To begin with, remember that the difference between the melodic and harmonic minor scales resides in the sixth, which is major in the first case and minor in the second.
Compared to the natural minor scale, the harmonic minor scale has a major seventh, whereas the natural minor scale has a minor seventh.
And it's actually in relation to the natural minor scale that the modes of the harmonic minor scale get their name and the NCD is assigned to each mode. Before we move on, a final introductory remark.
The augmented second interval between the sixth and seventh degrees of the harmonic minor scale allows you to build a diminished chord without the need of introducing any other alteration to the original scale, and which obviously applies to all the modes of the scale.
You can obviously take advantage of the great possibility these chords offer to create bridges across keys, be it to modulate or to get out of the modal system and go back to the tonal one.
Okay, lets begin.
The Aeolian natural 7 mode
As indicated in the introduction, this first mode takes the name of the first mode of the natural minor scale (Aeolian mode), adding the only difference between them: the natural seventh.
This mode is based on the minor triads and minor (major 7th) chords, like the Ionian b3 of the melodic minor scale (refer to the previous article). Pretty logical, isn't it? Considering that the seventh degree of these two modes is identical.
The flat sixth degree also allows you to hear a b13.
Finally, when played on top of the fifth degree of the mode, the diminished chord mentioned in the introduction allows you to create a dominant 7 b9 chord, as you can hear in the following example::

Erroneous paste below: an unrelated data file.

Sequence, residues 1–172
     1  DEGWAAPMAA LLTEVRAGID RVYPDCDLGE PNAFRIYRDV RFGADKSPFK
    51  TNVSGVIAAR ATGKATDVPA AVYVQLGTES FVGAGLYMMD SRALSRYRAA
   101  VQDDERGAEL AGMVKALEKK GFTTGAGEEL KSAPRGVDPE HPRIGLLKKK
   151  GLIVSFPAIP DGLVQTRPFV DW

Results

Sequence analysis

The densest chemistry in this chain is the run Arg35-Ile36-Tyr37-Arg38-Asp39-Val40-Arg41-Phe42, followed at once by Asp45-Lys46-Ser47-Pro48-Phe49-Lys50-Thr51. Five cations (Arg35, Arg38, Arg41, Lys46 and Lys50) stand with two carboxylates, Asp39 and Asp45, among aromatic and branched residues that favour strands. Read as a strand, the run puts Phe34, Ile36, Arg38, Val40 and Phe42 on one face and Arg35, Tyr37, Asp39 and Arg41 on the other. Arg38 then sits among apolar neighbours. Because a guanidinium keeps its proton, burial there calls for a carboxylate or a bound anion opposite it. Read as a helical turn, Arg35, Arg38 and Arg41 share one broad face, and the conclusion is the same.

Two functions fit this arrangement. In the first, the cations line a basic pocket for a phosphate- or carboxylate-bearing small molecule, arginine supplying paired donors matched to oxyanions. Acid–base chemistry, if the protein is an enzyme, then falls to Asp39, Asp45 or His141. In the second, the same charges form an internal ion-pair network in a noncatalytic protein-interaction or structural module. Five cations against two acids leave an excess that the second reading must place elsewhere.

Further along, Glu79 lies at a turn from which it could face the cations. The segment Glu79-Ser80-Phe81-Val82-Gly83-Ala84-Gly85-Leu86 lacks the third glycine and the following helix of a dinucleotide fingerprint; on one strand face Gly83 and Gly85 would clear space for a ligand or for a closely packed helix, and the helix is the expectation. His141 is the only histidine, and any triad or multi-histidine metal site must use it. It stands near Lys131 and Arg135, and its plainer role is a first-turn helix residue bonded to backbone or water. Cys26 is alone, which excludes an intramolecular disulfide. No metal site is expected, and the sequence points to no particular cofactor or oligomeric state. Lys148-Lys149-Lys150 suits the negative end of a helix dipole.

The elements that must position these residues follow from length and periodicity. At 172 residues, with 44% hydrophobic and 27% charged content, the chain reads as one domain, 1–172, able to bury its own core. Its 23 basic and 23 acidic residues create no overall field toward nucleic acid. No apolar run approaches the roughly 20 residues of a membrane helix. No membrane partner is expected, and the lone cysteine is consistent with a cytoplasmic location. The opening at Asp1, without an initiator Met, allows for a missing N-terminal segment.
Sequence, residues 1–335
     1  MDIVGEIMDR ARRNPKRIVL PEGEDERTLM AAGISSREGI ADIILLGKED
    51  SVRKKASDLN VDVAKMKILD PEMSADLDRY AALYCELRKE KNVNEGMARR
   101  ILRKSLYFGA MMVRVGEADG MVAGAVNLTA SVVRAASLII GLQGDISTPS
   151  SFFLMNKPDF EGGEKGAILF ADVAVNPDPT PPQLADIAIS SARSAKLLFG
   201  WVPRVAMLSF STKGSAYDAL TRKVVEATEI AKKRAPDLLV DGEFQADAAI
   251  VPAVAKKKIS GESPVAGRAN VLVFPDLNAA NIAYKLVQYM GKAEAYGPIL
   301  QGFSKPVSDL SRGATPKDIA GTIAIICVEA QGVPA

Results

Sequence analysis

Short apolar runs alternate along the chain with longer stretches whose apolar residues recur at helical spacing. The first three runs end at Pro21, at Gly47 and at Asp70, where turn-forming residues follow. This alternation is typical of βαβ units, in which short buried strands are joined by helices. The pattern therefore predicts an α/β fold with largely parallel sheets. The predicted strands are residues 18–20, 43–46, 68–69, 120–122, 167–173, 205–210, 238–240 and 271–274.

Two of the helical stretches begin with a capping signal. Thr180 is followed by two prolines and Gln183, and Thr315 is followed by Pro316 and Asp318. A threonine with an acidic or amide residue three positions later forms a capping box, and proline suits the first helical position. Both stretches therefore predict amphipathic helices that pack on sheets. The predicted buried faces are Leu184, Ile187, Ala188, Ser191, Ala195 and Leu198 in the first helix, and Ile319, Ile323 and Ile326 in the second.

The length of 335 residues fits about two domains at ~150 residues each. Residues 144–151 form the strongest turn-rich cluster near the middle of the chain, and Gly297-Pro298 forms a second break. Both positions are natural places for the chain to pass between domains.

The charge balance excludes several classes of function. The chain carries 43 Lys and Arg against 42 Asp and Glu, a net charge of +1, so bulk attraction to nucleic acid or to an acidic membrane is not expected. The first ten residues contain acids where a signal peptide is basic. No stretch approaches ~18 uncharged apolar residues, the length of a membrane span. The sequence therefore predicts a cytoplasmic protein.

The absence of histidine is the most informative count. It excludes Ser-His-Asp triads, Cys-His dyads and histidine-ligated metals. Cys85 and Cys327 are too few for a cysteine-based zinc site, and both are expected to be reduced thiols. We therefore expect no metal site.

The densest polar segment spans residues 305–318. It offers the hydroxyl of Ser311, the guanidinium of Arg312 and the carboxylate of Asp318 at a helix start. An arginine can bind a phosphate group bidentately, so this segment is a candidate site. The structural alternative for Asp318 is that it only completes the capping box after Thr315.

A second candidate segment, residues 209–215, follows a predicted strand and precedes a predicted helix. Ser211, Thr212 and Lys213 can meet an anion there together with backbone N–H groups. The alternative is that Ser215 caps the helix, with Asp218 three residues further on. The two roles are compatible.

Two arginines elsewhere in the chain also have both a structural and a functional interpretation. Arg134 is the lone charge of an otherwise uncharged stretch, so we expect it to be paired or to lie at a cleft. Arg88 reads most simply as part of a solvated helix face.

The Locrian natural 6 mode
Do you remember the Locrian natural 2 mode, the famous half-diminished scale (article 59)? Well, just like it, the Locrian natural 6 mode is used with minor 7 b5 chords. It is however much less used than its colleague from the melodic minor scale.
The Ionian #5 mode
The Ionian #5 mode is very close to the Lydian #5 mode that you saw last time. The only thing that distinguishes them is the fourth degree, which isn't augmented.
And since the third, fifth and seventh degrees are identical, this mode relies on the same chords as the Lydian #5, in other words, major triads #5 and major seventh #5 chords.
But since it features a perfect fourth interval between the tonic and the fourth degree, it can also be easily used with chords enriched with an 11th, as in the following example:
The Dorian #4 mode
This mode is used with minor triads, minor 6 and minor 9 chords. Its augmented fourth degree also allows it to be used with minor #11 chords.
See you next time to keep on exploring the altered modes of the harmonic minor scale.